PRESIDENT Rodrigo Duterte and Malaysian Prime Minister Mahathir bin Mohamad are set to meet today to discuss economic and political cooperation between the two countries, with the Philippine claim to Sabah possibly on the agenda.
Presidential Spokesman Salvador Panelo said the 93-year-old Malaysian leader will pay an official visit to the country from March 6 to 7 upon the President’s invitation.
“President Duterte will officially welcome Prime Minister Mahathir at ceremonies in Malacañang Palace on March 7, 2019. The two leaders will then hold a bilateral meeting and discuss cooperation in the political, economic and people-to-people spheres, and exchange views on topics of mutual importance,” Panelo said in a Palace press briefing.
“This is Prime Minister Mahathir’s first visit to the Philippines since he assumed his position as the 7th Prime Minister of Malaysia in 2018. During his previous term as prime minister, he undertook bilateral official visits in 1987 and 1994,” he said.
“Everything is possible when you meet a head of state, every issue is open,” Panelo said when asked if the Philippines’ claim on the disputed Sabah island would be among the topics to be discussed by them.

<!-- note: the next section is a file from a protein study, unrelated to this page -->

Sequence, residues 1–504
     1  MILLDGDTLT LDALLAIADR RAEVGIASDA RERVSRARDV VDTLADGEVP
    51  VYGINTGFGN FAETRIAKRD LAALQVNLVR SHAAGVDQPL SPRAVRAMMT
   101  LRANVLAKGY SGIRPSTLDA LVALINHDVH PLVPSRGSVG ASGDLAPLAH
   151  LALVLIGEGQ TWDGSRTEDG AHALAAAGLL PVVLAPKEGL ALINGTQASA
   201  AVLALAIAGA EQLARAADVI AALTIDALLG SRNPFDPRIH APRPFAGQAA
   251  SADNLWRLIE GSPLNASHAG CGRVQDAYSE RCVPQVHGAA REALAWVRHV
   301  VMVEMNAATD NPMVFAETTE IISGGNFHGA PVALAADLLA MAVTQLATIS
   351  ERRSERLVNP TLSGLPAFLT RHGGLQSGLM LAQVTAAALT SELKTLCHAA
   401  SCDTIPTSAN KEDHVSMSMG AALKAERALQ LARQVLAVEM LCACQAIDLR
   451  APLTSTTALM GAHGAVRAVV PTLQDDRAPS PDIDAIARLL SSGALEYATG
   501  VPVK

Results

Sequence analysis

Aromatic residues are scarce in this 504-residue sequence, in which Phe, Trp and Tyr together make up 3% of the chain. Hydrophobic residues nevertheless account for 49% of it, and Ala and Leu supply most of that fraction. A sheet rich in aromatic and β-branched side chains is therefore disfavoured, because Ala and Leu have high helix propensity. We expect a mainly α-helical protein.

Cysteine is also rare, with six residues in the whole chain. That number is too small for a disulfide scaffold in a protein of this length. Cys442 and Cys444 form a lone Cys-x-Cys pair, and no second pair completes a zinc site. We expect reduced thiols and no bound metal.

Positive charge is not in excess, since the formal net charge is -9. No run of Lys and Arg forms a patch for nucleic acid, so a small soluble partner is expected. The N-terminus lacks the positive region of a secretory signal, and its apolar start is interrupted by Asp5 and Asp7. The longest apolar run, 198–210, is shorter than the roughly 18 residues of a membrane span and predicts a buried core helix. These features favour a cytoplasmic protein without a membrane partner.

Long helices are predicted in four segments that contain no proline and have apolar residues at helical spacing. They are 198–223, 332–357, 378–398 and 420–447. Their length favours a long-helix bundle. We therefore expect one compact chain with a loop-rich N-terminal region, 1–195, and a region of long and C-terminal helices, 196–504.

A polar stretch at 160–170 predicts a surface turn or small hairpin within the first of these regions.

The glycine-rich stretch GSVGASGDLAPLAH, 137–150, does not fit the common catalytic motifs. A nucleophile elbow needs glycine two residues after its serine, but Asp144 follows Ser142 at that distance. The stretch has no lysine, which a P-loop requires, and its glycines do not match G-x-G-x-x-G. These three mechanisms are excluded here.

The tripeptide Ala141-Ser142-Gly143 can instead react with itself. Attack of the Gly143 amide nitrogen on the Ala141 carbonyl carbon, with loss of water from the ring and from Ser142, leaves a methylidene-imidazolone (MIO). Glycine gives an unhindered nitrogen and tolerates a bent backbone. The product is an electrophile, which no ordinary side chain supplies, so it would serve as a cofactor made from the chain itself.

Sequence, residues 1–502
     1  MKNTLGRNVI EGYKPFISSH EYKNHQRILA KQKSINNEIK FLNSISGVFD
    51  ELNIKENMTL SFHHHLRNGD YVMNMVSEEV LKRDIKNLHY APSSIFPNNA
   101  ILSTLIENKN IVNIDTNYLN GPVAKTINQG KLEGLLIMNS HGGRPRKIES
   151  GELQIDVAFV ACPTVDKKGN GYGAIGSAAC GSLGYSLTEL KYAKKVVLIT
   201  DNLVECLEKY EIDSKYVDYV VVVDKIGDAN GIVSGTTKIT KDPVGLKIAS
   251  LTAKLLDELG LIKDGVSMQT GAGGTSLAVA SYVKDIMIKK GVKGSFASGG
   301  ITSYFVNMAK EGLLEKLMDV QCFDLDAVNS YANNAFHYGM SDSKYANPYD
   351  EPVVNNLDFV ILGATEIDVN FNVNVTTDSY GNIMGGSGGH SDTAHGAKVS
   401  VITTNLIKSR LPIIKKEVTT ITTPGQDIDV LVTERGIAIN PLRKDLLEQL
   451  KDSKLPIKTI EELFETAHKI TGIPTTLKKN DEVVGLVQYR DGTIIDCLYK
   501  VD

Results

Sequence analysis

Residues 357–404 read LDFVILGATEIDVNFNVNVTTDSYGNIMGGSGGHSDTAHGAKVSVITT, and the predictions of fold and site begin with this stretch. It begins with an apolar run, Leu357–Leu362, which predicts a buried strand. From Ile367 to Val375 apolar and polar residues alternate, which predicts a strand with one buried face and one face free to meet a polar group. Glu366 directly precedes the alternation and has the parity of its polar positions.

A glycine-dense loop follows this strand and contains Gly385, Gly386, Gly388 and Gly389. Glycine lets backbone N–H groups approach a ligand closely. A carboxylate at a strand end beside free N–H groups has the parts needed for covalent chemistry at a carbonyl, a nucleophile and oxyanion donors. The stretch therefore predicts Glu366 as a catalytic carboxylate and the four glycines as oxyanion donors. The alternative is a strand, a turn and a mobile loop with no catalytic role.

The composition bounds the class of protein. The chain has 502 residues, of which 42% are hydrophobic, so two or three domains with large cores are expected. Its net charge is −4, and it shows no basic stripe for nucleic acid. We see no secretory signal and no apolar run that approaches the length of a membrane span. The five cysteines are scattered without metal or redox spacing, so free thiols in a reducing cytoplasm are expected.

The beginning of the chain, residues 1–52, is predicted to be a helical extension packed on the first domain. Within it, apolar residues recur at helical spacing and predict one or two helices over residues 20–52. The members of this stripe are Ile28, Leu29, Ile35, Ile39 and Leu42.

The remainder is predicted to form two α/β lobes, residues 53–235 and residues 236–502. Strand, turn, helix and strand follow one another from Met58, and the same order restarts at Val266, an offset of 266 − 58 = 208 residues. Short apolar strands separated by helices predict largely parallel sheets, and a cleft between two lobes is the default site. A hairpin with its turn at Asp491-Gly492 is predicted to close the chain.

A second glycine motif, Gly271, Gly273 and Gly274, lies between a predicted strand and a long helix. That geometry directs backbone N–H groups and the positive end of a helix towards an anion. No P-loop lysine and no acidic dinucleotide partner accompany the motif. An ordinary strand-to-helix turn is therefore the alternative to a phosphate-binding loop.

Since the 1870s, Sabah, or North Borneo has been disputed by the two countries. The territory was originally yielded by the Kingdom of Brunei to the Sultanate of Sulu. The residents, however, voted to become part of Malaysia when it became independent from Great Britain in 1963.
The visit of the Malaysian leader reciprocates President Duterte’s trip to Malaysia in July 2018 when the Chief Executive watched the world title fight of boxer Senator Manny Pacquiao.
During their meeting last year in Putrajaya, Malaysia, the two leaders “renewed and reaffirmed the long-standing brotherhood and friendship between the Philippines and Malaysia.”
The Palace said the country could expect a joint military training and enhanced defense cooperation with Malaysia as the two top leaders weighed in on the issues of security and defense, stressing the need to resolve terrorism, violent extremism, piracy, armed robbery at sea, and the illegal drug trade surrounding the region.